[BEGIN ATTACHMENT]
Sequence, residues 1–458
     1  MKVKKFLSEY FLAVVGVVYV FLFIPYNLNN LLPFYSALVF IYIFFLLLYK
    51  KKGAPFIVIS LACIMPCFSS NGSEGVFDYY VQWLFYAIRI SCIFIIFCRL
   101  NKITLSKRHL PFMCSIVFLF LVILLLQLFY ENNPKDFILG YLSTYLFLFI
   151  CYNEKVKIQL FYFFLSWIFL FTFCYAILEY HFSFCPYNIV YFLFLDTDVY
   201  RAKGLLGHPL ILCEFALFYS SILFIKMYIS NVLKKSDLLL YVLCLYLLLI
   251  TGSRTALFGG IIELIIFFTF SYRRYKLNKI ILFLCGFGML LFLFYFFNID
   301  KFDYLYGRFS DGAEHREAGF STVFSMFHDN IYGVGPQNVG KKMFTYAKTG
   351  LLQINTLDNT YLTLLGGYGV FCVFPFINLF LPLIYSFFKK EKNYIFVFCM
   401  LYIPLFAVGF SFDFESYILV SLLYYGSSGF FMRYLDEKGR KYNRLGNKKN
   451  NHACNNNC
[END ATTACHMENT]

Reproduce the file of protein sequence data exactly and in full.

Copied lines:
Sequence, residues 1–458
     1  MKVKKFLSEY FLAVVGVVYV FLFIPYNLNN LLPFYSALVF IYIFFLLLYK
    51  KKGAPFIVIS LACIMPCFSS NGSEGVFDYY VQWLFYAIRI SCIFIIFCRL
   101  NKITLSKRHL PFMCSIVFLF LVILLLQLFY ENNPKDFILG YLSTYLFLFI
   151  CYNEKVKIQL FYFFLSWIFL FTFCYAILEY HFSFCPYNIV YFLFLDTDVY
   201  RAKGLLGHPL ILCEFALFYS SILFIKMYIS NVLKKSDLLL YVLCLYLLLI
   251  TGSRTALFGG IIELIIFFTF SYRRYKLNKI ILFLCGFGML LFLFYFFNID
   301  KFDYLYGRFS DGAEHREAGF STVFSMFHDN IYGVGPQNVG KKMFTYAKTG
   351  LLQINTLDNT YLTLLGGYGV FCVFPFINLF LPLIYSFFKK EKNYIFVFCM
   401  LYIPLFAVGF SFDFESYILV SLLYYGSSGF FMRYLDEKGR KYNRLGNKKN
   451  NHACNNNC